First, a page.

Health - Electroengineering - 09.07.2024
AI-powered antenna revolutionizes bone fracture diagnosis
AI-powered antenna revolutionizes bone fracture diagnosis
A University of Waterloo engineer has paired inexpensive wireless communication antennas with artificial intelligence (AI) to improve how doctors can detect bone fractures. Determining bone fractures using traditional diagnostic methods such as x-rays, computed tomography (CT) scans, and magnetic resonance imaging (MRI) takes time - such equipment is not readily available in ambulances or primary care facilities and, with health care services in high demand, many people have to wait for an x-ray or scan once they arrive at the hospital.

Health - Campus - 08.07.2024
Eating disorders among adolescents during the COVID-19 pandemic
A new study confirms the need to consider the indirect effects of health measure to promote the health and wellness of youth. A new study led by Nadia Roumeliotis , clinician-researcher at CHU Sainte-Justine and professor in the Department of Pediatrics at Université de Montréal, shows that the public health measures imposed in Canada during the COVID-19 pandemic were directly related to the hospitalization rate for adolescents aged 12 to 17 for eating disorders.

Astronomy / Space - Earth Sciences - 08.07.2024
Found with Webb: a potentially habitable world
Found with Webb: a potentially habitable world
A team of astronomers from UdeM has made an exciting discovery about the temperate exoplanet LHS 1140 b: it could be a promising "super-Earth" covered in ice or water. When the exoplanet LHS 1140 b was first discovered, astronomers speculated that it might be a mini-Neptune: an essentially gaseous planet, but very small in size compared to Neptune.

Pharmacology - Health - 08.07.2024
A treatment for anorexia nervosa?
McGill-led research team may have discovered neurological mechanism underlying common eating disorder A McGill University-led research team working in collaboration with a French team (CNRS, INSERM and Sorbonne university) believes it has identified both the neurological mechanism underlying anorexia nervosa as well as a possible cure.

Innovation - Computer Science - 05.07.2024
Less highlighting may mean more learning
Less highlighting may mean more learning
If you scroll through the average student's digital textbook or reading, you will probably see multi-coloured streaks scattered everywhere. However, new research reveals that excessive highlighting may do more harm than good. Researchers at Waterloo excel at creating new technologies, investigating human-technology interactions, and exploring how to mitigate harm.

Environment - Innovation - 04.07.2024
Cutting-edge technology detects nanoplastics in water - instantly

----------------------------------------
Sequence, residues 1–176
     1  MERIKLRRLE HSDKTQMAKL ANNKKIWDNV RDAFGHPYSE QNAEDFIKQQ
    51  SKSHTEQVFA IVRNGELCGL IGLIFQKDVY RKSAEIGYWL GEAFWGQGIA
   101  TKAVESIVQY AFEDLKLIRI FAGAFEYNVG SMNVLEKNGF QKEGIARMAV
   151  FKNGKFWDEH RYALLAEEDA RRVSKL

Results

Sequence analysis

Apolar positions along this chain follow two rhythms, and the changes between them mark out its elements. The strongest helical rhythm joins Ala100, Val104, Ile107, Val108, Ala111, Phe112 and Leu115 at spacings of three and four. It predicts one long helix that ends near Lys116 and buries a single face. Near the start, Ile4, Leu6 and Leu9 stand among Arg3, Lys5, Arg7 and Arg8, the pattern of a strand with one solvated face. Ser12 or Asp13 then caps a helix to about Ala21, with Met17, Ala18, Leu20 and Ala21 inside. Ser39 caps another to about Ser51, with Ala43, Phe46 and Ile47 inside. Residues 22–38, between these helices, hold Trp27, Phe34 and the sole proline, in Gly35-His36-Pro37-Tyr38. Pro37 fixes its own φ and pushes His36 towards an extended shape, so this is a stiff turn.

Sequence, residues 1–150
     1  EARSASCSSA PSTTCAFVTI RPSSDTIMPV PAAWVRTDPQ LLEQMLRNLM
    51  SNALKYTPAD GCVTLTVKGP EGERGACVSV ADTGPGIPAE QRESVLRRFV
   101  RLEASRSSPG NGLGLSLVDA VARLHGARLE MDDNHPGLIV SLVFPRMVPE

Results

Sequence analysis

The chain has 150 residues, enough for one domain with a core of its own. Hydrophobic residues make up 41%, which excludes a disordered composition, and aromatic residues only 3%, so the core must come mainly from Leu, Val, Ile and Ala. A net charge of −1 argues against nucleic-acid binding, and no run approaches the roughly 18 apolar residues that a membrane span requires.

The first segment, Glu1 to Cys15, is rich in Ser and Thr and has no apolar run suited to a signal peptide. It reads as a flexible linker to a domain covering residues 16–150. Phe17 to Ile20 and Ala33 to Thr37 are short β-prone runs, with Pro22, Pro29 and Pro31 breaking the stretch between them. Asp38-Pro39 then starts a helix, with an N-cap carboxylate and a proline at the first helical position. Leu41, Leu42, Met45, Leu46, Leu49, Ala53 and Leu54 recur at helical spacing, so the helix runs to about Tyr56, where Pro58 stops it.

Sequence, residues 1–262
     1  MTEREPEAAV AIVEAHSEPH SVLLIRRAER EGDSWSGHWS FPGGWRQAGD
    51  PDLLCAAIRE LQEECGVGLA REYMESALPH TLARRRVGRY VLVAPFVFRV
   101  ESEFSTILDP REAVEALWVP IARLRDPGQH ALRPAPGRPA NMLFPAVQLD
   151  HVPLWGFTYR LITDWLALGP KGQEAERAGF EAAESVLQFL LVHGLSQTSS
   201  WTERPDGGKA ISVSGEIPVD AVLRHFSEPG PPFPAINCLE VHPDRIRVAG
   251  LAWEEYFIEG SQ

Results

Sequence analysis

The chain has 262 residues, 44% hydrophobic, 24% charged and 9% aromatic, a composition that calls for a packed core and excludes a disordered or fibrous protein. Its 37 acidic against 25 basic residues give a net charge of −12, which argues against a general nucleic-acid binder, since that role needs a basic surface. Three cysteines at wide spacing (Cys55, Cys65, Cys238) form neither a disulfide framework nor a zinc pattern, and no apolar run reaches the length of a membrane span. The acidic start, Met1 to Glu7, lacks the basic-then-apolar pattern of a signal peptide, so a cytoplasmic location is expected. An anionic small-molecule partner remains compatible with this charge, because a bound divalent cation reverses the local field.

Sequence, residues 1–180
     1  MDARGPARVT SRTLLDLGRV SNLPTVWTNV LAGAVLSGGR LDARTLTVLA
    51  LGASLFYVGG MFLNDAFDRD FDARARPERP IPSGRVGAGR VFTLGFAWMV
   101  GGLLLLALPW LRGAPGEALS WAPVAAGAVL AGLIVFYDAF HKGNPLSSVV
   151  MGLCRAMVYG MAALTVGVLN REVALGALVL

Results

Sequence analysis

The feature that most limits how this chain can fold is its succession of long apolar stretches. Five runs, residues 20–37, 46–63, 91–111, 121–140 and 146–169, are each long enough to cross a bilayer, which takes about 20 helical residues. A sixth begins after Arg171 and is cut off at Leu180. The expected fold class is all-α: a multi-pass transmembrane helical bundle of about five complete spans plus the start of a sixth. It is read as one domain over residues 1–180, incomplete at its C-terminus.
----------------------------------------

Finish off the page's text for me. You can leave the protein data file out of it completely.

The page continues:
A McGill-led research team has developed the first real-time, on-site technology capable of detecting and deciphering nanoplastics from all'other particles in water, a capacity akin to being able to find a needle in a haystack within milliseconds. Microplastic pieces are between 1 micrometre and 5 millimetres, roughly equivalent to a grain of rice.

Chemistry - 03.07.2024
Goodbye, counterfeit: Western team develops material to quash forgery
Counterfeiters are getting increasingly more sophisticated in forging everything from diplomas and currency to medications and artwork. While protective measures such as luminescent markings - which glow under ultraviolet light - have been around for a while, forgers have figured out how to exploit the weaknesses in these techniques.

Earth Sciences - Environment - 03.07.2024
Treasures beneath the ocean floor? Seawater plays role in gold formation
Understanding how gold forms is crucial for knowing where to find it and how to extract it sustainably. McGill researchers have answered a long-standing question in geology that could lead to new ore discoveries. Researchers traveled to the remote Brucejack gold deposit in northwestern British Columbia to study and collect ancient ore-bearing rocks.

Psychology - Innovation - 02.07.2024
Is AI conscious? Most people say yes
Two-thirds of people surveyed think that artificial intelligence (AI) tools like ChatGPT have some degree of consciousness and can have subjective experiences such as feelings and memories, according to a new study from the University of Waterloo. Large language models (LLMs) like ChatGPT often display a conversational style when outputting content.

Career - Psychology - 02.07.2024
Ivey research explores role of allies in shaping inclusive workplaces
Ivey research explores role of allies in shaping inclusive workplaces
In Canada, the concept of allyship has emerged as a pivotal strategy for firms striving to meet their equity, diversity and inclusion (EDI) goals. In a new study , Not all'allies are created equal: An intersectional examination of relational allyship for women of color at work,   Barnini Bhattacharyya , a professor at Ivey Business School, investigated the power dynamics of allyship as it relates to women of colour in the workplace.

Environment - Life Sciences - 02.07.2024
How climate change is affecting where species live
As the climate warms, many species are on the move, raising new challenges for policy-makers around the world. Shifts in the ranges of mosquitoes and disease-bearing ticks and bats are introducing illnesses such as malaria and Lyme disease into regions where health-care systems are unprepared. Movements of commercially important fish from one jurisdiction to another are shifting job opportunities and causing trade disputes.